Northern catalpa is a medium-sized tree with a short trunk and several large, ascending branches and a narrow, rounded crown.
Leaves are simple, opposite or in threes, egg-shaped with an abruptly pointed tip, 6–12 inches long, margin mostly smooth; upper surface dark green, smooth; lower surface paler, hairy; mildly scented when crushed; turn yellow in fall.
Bark is thick, with irregular, short ridges and deep grooves, not scaly.
Twigs are stout, brittle, green to purplish, hairy; becoming light orange or brown and smooth with age.
Flowers May–June; in upright, pyramidal clusters 4–8 inches long; flowers bell-shaped, 2 inches long, white, showy, attractive, and fragrant; throat with yellow spots and dark lines; lower lobe with a notch in the center.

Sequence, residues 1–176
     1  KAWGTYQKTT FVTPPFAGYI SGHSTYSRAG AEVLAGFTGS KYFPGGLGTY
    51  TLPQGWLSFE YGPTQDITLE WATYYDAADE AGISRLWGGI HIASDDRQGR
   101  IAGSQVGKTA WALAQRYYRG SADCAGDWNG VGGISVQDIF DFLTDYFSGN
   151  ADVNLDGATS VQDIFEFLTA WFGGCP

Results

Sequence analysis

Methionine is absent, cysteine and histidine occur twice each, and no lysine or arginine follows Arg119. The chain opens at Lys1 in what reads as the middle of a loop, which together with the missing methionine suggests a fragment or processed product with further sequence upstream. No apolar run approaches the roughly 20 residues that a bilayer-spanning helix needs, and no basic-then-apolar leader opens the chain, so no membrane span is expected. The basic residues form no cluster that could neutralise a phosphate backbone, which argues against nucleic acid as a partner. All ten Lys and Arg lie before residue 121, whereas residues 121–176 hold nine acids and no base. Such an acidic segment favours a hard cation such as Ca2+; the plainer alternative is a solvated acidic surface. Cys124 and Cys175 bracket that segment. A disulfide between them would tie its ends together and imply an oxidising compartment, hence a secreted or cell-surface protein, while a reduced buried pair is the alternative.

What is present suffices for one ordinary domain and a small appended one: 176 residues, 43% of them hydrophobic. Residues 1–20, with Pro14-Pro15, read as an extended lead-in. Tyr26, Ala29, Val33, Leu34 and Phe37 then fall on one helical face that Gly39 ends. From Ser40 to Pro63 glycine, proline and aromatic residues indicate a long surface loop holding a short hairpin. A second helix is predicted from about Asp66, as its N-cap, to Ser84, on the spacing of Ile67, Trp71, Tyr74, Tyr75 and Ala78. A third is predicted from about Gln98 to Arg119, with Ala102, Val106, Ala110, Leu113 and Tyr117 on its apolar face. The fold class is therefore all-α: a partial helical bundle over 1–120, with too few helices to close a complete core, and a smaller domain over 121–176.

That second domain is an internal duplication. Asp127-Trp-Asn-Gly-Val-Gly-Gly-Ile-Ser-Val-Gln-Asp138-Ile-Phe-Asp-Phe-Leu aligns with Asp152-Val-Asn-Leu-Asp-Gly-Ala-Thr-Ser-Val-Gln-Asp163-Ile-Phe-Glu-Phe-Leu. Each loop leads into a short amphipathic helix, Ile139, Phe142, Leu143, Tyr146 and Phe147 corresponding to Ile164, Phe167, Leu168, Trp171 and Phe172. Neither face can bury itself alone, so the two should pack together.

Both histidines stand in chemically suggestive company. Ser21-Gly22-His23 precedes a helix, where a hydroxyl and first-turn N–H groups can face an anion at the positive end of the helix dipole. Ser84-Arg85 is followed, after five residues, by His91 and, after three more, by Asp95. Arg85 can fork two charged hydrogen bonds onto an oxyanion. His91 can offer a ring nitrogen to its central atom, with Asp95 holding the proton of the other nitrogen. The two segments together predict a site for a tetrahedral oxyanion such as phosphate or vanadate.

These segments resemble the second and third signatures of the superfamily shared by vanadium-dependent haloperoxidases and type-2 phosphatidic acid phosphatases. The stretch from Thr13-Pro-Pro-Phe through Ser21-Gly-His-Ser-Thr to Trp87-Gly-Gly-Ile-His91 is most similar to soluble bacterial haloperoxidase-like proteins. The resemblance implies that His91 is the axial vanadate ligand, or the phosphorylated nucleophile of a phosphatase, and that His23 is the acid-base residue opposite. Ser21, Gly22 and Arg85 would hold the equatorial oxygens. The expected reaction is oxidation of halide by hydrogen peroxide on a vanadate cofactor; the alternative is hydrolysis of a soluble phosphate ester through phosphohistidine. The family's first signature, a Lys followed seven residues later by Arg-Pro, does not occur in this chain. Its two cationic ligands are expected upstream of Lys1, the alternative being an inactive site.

Fruits October, single or 2 or 3 together, a beanlike pod 8–20 inches long, ¼–½ inch wide, light brown, splitting into 2 halves; seeds numerous, flattened, about 1 inch long. Pods persist on branches all winter, opening in spring before falling.
Similar species: Southern catalpa (Catalpa bignonoiodes) is not native to our state but has been planted widely. Northern catalpa, however, has bigger flowers (1½–2 inches long); each flower’s lower lip is shallowly notched; the fruits are fairly thick-walled (the sides remain concave after the pod splits open); and the bark is reddish brown and divided into thick (not thin) scaly plates on older trunks.